One of the latest communities to achieve connectivity is Homalco 9, located on Vancouver Island approximately 10 kilometres south of Campbell River. With a staple industry of salmon fishing for hundreds of years, the Homalco First Nation is now exploring hydro-electric power and eco-tourism as a new wave of business ventures for the band.
The first step toward a high-speed Internet connection for Homalco came in the spring of 2011, when the Pathways to Technology team engaged with the community about its needs. This community planning stage identified an existing cable television infrastructure that could be upgraded to deliver broadband service throughout the community – a first for the project.
This led to an innovative dual solution for how best to connect Homalco. The band office has been directly connected with a TELUS fiber-optic line while the local cable television service with Conuma Cable has been retrofitted to ensure each home in the community will be able to send and receive an Internet signal through their cable line, similar to services in many metropolitan BC cities.
This example highlights the complexity of the project in coordinating between several telecommunications providers to delivering connectivity to communities.
"By providing broadband cable to every house in Homalco, we are delivering a reliable, high-speed connection to a community that in the past was reliant on slow dial-up Internet – despite being so close to a major urban center,” said Jamie Sterritt, the Pathways project’s Community Relations Officer.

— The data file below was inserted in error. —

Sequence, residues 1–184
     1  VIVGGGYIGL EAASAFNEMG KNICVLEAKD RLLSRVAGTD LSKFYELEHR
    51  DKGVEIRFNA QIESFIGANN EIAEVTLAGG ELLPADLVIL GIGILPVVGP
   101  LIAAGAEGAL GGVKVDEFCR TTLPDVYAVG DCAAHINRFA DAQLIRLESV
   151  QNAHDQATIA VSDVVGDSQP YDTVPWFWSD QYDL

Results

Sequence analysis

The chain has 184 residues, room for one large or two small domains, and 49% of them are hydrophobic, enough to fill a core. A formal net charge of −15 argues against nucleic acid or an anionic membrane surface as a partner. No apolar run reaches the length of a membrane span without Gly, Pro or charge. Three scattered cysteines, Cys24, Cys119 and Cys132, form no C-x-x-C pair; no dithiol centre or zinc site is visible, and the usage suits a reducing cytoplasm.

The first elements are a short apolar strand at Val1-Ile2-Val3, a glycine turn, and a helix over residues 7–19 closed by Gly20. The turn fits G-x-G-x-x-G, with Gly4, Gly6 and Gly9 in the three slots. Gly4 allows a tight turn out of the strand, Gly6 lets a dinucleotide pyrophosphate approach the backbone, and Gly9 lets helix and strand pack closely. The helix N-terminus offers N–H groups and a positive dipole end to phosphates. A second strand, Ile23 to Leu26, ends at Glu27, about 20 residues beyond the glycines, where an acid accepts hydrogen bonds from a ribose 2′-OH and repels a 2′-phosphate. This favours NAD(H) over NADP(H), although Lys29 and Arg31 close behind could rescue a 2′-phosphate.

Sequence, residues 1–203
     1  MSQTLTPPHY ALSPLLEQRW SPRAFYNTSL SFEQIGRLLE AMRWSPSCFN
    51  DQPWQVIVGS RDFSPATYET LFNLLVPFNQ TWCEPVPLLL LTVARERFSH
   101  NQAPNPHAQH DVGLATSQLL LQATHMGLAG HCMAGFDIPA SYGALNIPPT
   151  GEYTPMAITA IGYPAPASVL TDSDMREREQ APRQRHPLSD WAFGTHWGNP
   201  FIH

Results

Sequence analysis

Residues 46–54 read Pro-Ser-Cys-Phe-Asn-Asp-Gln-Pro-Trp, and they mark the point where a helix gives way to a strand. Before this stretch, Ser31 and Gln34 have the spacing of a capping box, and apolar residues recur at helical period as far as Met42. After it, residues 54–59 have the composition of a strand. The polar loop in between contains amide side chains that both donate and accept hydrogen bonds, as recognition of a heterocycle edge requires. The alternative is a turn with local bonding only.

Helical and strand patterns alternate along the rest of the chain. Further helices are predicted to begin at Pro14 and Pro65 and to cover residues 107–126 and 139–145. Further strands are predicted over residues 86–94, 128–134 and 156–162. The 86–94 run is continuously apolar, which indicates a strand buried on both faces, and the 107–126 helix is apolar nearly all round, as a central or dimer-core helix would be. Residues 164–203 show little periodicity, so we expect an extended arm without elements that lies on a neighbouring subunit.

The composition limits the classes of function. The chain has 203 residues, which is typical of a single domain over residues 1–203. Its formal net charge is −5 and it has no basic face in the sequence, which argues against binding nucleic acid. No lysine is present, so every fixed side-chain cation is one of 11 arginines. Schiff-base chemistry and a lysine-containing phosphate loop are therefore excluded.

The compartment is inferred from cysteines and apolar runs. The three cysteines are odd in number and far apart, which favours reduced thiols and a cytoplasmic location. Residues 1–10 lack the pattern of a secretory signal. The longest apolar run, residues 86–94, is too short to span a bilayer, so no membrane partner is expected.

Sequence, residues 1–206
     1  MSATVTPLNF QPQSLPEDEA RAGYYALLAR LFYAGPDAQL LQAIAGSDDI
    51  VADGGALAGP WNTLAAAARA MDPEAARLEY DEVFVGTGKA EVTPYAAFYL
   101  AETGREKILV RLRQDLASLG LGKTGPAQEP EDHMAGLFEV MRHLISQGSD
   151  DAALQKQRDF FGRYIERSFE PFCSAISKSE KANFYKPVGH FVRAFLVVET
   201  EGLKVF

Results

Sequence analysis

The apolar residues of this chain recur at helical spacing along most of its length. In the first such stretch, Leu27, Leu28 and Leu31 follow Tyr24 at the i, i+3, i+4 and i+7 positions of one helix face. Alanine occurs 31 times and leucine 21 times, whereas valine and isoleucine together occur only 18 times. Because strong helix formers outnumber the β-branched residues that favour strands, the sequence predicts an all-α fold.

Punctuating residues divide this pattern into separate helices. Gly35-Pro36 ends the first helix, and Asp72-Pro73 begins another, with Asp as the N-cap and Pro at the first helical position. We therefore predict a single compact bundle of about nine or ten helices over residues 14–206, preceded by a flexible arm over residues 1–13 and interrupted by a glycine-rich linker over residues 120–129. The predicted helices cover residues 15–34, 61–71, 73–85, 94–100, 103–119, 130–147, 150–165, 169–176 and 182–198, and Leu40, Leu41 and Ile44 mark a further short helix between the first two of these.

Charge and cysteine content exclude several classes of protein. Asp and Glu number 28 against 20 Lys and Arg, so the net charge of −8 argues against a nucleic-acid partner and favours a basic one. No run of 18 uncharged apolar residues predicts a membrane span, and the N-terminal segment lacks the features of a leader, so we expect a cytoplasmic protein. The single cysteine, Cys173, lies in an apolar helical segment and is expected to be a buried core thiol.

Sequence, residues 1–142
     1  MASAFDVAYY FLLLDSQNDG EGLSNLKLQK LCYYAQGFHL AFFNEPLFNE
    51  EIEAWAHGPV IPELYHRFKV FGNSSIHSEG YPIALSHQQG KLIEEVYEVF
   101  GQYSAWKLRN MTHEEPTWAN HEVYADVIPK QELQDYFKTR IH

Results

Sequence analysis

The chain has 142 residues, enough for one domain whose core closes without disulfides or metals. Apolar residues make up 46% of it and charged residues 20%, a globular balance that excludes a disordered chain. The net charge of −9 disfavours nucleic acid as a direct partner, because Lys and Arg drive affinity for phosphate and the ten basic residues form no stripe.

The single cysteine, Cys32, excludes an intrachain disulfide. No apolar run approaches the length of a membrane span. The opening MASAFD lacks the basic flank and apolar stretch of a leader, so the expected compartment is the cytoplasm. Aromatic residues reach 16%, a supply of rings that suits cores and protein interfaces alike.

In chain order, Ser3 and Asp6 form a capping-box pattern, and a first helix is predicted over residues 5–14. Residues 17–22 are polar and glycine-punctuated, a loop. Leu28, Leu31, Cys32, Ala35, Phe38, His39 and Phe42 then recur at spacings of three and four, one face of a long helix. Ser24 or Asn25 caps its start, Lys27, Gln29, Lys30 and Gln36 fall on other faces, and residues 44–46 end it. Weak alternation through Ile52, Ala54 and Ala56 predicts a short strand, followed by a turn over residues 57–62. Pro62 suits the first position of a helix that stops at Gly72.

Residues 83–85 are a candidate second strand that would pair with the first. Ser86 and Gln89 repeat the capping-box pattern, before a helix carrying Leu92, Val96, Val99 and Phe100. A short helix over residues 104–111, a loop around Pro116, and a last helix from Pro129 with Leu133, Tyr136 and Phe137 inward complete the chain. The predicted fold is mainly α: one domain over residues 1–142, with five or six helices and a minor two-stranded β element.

"Through our partnership with Conuma Cable, we have been able to link this entire community with existing underground cables, eliminating the need for overhead lines and dozens of utility poles,” he added.
There are also benefits for Homalco’s new health centre, which opened this past summer. The 11-room facility offers programs such as Community Health Nursing, Aboriginal Diabetes Initiative, Home and Community Care, as well as services to children, youth and adults.
Now, with the addition of a high-speed Internet connection, the health centre will be able to partner with the First Nations Health Council as part of their efforts to create a fully-integrated First Nations clinical telehealth network in British Columbia, and expand its programs to include state of the art treatments and services.
"Our community members are thrilled about the Pathways project work for our community ,” said Alison Trenholm, Homalco First Nation’s Band Manager. "Now our people will be able to access a world of online resources from right at home – not to mention the endless benefits for our band office and brand new health centre.”
The new Internet services provided by the Pathways to Technology project are already allowing people in the community to access resources never before available from the comfort of their homes and offices. With online health and business opportunities now on the horizon, Homalco is just another example of how the Pathways project is bridging the digital divide across British Columbia.